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The power of lifting up others

The power of lifting up others cannot be overstated. Mentoring and supporting colleagues or subordinates fosters an environment of growth and productivity. This practice not only benefits the individual being supported but also enriches the overall team dynamics and organizational culture. When individuals are lifted up and empowered, they gain confidence, skills, and insights that contribute to their professional development and chances for greater individual and organizational success. This often leads to increased innovation, higher job satisfaction, and a stronger sense of loyalty to the company.

Accountability plays a crucial role in lifting up others. Encouraging accountability within a team sets the stage for personal and collective growth. When someone who works with or for you is held accountable for their actions and responsibilities, they understand the importance of their contributions. This, in turn, motivates them to strive for excellence, knowing that their efforts are recognized and valued. Accountability fosters a culture of trust and reliability, enabling people to support each other without fear of being let down.

The act of lifting others up is not just about providing guidance; it’s about creating opportunities for growth and learning. It allows experienced individuals to share their knowledge, experiences, and networks with others, which opens doors for new possibilities. By investing this time and effort in these types of actions and activities, organizations cultivate a culture of continuous learning and development, ensuring that valuable expertise is passed down and built upon as the company moves forward.

Businesses that prioritize lifting up others tend to witness a positive ripple effect throughout their employees. When employees feel supported and empowered, they become more engaged and motivated. This heightened engagement often leads to increased productivity, improved teamwork, and a greater willingness to collaborate on projects. Furthermore, the positive atmosphere created can attract top talent, as word spreads about the nurturing and growth-oriented environment within the organization.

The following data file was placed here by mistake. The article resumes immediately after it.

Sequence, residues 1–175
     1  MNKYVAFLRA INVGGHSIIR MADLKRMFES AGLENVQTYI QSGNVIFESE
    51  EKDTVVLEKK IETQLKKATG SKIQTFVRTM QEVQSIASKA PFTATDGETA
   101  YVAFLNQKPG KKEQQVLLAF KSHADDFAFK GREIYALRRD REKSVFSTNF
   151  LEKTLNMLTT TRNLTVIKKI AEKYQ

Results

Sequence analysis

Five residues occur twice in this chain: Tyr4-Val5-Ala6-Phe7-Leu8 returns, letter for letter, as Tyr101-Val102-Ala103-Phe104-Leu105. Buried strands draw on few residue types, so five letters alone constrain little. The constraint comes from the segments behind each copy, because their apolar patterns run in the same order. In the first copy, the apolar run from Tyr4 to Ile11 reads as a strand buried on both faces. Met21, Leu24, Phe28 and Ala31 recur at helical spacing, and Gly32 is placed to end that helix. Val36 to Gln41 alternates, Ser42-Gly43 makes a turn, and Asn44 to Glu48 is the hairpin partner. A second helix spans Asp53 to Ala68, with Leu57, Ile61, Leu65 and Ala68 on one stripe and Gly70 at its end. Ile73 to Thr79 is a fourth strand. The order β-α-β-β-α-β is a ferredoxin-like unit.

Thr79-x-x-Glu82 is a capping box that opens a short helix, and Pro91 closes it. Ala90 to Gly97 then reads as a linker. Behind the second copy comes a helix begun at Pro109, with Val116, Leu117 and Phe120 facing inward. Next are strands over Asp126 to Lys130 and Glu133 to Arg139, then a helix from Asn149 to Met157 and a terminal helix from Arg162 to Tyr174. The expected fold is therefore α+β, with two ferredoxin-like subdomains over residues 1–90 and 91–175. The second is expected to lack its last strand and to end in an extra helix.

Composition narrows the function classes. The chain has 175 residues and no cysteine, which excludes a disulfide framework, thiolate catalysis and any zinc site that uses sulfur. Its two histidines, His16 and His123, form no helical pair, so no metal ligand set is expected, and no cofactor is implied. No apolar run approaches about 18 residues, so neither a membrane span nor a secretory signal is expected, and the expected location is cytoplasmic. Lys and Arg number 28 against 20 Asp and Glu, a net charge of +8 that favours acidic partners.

Ultimately, the power of lifting up others goes beyond individual achievements; it creates a sense of community and interconnectedness. When individuals feel valued, supported, and inspired by their peers or mentors, they are more likely to pay it forward, perpetuating a cycle of encouragement and support that strengthens the fabric of any business or workplace culture. Empowering others isn’t just an action; it’s a catalyst for creating an environment where everyone can thrive and succeed together.

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Show gratitude always; the 2023 version

In a few days it will be Thanksgiving 2023 in what seems like a world gone crazy. In thinking about writing about being thankful or gratitude, I looked back to my posts from the week of Thanksgiving in prior years. I can’t say it better, so here is my annual blog for the week of Thanksgiving.

This is a good time of year to think of gratitude generally and what you’re thankful for specifically. At the same time, it’s a great time of year to spread good feelings, which you can do by letting others know when you appreciate something they have done for you. It may mean a phone call, email, or text, but it’s import to take the time to reach out, thereby investing in your relationships.

Those of you who have younger children (or older ones…) know you end up reminding them to say “thank you” all of the time. That is because thanking someone or showing gratitude is a learned behavior. If it came naturally or from observing others we wouldn’t have to teach children to do so.

Hopefully you remember to thank people as appropriate in your daily life. This may be thanking someone holding the door for me when I get to my office, for holding the elevator for me, or for making a pot of hot water so I can have tea and get that needed caffeine injection upon arriving for work. It includes thanking people on my team for their hard work to complete tasks needed to serve my clients’ interests. Many of these situations are universal to all of us, but I am sure we all remember holding a door for someone when they walked through without saying anything.

Of course, if you go through your day looking for when people should be thanking you, you will be disappointed. Instead, you should think about how you want to come across to others, as well as ways you don’t want to come across to others.